Our landscape trees rarely die of old age. Usually, there is something we have done or failed to do that shortens the life span of our trees.
Sometimes it is easy to forget trees are living things that need certain conditions to thrive. The science of cultivating a healthy tree is often overlooked for the sake of convenience.
Hopefully, by following the tips below, we can do a better job of taking care of our tree canopy.
Give them enough water after planting. A tree in the nursery is watered several times a day with a dedicated source of water that goes right into the container. A newly planted tree needs water directly applied to the root ball to become established in the landscape.
The same irrigation you provide to your lawn through sprinklers is not enough. At a minimum, a newly planted tree needs 2 to 3 gallons applied for each inch of trunk diameter. For the typical 2-inch diameter tree, that is 4 to 6 gallons every day for a month, every other day for three months and then every week until it is established. The larger the tree, the longer the irrigation period.
Cut the roots circling the container when you plant your tree. One of the biggest drawbacks to growing trees in containers is when roots encounter the edges of the container, they are deflected to circle the root ball. Unless these roots are severed, they will continue to circle and fail to expand out to the surrounding soil.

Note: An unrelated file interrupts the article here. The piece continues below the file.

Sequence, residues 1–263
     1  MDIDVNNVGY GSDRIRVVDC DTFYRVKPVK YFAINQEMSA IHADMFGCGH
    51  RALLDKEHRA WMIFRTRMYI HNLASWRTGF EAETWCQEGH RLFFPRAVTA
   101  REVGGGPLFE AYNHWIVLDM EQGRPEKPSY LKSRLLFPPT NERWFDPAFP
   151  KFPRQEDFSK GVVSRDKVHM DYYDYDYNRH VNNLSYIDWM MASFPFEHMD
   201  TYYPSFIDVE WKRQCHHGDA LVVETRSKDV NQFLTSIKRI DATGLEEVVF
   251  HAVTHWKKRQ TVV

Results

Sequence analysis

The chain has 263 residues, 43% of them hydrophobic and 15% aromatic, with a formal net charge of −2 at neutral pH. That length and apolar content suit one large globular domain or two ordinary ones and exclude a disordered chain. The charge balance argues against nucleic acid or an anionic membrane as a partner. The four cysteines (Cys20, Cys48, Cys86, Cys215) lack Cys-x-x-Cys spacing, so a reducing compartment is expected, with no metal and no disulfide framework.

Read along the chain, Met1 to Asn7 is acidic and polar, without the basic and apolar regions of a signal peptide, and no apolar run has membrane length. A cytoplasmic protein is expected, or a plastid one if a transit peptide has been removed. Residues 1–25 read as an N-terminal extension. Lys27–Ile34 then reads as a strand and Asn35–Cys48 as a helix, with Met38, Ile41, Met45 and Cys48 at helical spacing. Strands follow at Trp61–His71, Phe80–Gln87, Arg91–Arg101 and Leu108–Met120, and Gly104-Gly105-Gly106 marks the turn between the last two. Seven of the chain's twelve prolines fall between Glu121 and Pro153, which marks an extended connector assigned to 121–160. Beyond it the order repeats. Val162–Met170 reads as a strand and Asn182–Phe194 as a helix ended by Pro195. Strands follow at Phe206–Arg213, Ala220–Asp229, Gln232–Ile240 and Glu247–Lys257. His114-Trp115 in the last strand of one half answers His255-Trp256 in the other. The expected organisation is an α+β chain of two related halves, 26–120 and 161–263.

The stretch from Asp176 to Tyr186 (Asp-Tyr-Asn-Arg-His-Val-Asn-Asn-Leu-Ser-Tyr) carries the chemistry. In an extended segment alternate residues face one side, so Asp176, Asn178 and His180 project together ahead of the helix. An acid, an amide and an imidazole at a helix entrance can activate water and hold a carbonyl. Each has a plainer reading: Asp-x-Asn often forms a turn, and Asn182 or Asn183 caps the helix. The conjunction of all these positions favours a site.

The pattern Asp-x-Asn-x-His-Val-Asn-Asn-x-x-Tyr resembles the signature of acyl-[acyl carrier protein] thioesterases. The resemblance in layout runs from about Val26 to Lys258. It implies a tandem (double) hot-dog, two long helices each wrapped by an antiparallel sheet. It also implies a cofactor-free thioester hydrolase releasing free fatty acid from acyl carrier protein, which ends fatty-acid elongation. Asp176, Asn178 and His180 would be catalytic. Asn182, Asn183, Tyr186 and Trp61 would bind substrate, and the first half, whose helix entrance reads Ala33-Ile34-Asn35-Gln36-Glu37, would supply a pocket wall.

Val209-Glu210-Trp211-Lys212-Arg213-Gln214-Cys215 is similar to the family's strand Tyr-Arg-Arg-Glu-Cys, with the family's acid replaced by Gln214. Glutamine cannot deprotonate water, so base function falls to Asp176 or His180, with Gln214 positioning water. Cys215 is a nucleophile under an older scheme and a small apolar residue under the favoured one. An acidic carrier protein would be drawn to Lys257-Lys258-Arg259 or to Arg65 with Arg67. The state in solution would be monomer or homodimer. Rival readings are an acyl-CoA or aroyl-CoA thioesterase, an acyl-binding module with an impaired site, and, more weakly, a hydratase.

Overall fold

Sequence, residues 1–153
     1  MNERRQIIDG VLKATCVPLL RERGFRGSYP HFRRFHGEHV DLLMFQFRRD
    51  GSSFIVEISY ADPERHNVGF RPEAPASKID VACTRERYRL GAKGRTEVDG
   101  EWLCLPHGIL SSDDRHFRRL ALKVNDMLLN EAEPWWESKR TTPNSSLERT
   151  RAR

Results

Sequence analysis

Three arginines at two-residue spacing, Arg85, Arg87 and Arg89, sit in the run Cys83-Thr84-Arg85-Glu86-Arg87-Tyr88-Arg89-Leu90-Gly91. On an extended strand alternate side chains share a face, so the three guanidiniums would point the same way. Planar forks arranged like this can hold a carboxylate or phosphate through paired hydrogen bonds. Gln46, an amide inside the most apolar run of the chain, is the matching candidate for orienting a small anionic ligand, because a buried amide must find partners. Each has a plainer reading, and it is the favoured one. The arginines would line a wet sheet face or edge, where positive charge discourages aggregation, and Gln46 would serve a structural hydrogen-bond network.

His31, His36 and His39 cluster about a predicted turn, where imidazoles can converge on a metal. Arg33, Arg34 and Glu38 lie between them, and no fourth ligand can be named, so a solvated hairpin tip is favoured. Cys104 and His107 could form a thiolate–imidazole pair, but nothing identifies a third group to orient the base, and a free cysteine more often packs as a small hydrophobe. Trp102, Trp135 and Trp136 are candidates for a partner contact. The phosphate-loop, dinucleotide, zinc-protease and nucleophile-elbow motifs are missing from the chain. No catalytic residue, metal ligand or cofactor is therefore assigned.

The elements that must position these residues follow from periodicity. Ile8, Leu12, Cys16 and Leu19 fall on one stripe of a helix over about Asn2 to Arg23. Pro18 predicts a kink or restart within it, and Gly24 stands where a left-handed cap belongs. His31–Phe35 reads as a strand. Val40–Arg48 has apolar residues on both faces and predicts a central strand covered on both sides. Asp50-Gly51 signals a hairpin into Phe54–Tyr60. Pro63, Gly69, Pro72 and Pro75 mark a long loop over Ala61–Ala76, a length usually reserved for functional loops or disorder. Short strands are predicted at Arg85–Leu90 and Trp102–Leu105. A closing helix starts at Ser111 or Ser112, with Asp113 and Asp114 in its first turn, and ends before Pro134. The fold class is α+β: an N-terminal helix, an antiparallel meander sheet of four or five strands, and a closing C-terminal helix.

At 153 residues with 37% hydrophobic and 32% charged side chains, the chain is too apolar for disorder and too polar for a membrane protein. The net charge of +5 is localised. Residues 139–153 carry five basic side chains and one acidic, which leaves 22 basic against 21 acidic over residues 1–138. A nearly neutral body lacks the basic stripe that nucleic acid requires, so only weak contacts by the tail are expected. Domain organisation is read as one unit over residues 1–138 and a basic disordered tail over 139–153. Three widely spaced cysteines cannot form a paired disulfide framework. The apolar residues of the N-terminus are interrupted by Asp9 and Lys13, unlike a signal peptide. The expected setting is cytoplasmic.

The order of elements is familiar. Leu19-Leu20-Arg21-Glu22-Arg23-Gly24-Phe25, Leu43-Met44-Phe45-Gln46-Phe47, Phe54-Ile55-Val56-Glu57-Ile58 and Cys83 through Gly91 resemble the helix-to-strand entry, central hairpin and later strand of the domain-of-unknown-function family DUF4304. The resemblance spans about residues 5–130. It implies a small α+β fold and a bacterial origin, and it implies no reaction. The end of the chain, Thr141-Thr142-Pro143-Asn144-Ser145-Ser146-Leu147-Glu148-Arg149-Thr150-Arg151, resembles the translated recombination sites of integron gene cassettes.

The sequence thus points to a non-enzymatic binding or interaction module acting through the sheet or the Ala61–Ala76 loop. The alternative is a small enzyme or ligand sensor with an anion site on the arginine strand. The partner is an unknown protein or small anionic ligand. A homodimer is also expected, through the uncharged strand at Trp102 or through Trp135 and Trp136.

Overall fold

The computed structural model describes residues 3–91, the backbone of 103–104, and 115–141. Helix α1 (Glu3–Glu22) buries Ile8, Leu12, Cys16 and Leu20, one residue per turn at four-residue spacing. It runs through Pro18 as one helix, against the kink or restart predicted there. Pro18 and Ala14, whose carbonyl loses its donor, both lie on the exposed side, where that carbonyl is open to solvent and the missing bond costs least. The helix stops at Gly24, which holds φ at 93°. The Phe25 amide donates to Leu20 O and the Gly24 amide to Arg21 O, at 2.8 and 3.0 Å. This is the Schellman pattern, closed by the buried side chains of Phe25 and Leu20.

Removing these circling roots at the point where they meet the container improves the chance your tree will establish in the space you have provided and develop a good root system.
Plant your tree at the same depth as it was in the container. Trees should be planted where the root flare is slightly higher than the surrounding soil. One of the worst mistakes is to plant your tree deeper than it was in the container. A wise forester I know came up with this saying: Plant it high, and it won’t die.
Don’t plant a large maturing tree in a small space. We frequently see large maturing trees such as live oaks planted in small front yards or the 4-foot area between the street and the sidewalk.
On average, large maturing trees need 900 square feet or more to acquire enough water and nutrients to anchor themselves properly. Medium trees need 400 square feet of growing space, and small trees need at least 100 square feet of rooting area. If you do not have the space, find a smaller maturing tree to meet your objectives.
By taking care of trees and cultivating them correctly, you can be confident they will live long and productive lives. t.
As we strive to create a more livable urban environment that includes trees, we need to consider roots and how our activities can affect how they function.
If we do a better job of creating and managing healthy tree root systems, we can have healthier trees that increase the quality of life in our communities.